Sunday, May 30, 2010

Youssou N' Dour’s World Of Politics

Famed Senegalese recording artist Youssou N' Dour turned up in an expected place last week – on the border between Georgia and its breakaway republic Abkhazia. N’Dour didn’t just show up there on a whim of course, he appeared as part of an all-star concert meant to bring attention to the estimated 350,000 Georgian refugees from Abkhazia and Georgia’s other aspiring independent state, South Ossetia. Known officially as “internally displaced persons”, these Georgians were driven from their homes due to ethnic fighting with the Abkhaz and Ossetians, in some cases dating back to the early 90s when the two provinces first made their bids for independence from Georgia. The concert dubbed “Music Without Walls” brought together musicians from around the world in a show to promote the idea of reconciliation between the different ethnic groups – and with the blessing of Georgia’s government.

But this isn’t N’Dour’s first foray into politics. Earlier this month The Guardian reported that N’Dour had joined a political platform with some of his native Senegal’s leading opposition politicians. The move was a drastic change for N’Dour, who once had been a close ally of President Abdoulaye Wade. Their relationship soured in 2006 when a newspaper owned by N’Dour (who has invested in media projects in Senegal that include newspapers and a world-class recording studio) criticized Wade’s son for his alleged involvement in a money-laundering scheme. President Wade felt that N’Dour shouldn’t have let his newspaper print such a story; N’Dour though actually believes in journalistic ethics: “I own a media group and trust the journalists who work for it. It is not my role to control what they write.” His relationship with Wade quickly deteriorated. Like many other Senegalese, N’Dour now believes that Wade is grooming his son to succeed him – transforming Senegal from a democracy to a family-run autocracy in the process.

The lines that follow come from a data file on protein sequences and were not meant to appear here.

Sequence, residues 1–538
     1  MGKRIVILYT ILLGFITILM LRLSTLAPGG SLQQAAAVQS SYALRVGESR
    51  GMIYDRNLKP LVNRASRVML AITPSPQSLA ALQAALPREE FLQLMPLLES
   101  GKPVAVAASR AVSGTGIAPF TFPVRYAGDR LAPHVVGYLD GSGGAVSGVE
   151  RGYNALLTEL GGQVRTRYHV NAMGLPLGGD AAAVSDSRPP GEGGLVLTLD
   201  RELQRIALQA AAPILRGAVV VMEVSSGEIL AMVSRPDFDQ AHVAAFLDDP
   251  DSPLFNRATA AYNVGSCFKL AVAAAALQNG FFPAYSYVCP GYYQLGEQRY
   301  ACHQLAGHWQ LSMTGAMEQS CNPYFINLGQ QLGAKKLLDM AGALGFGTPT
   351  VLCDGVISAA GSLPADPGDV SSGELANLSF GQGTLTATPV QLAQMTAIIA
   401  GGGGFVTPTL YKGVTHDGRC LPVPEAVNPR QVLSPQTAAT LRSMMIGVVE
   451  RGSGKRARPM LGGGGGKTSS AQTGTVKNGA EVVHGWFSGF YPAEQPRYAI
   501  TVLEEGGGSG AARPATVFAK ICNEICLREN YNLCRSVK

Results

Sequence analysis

“I get the feeling the president hears only in mono, these days, not in stereo,” N’Dour told The Guardian. “He has removed those who told him the truth.”
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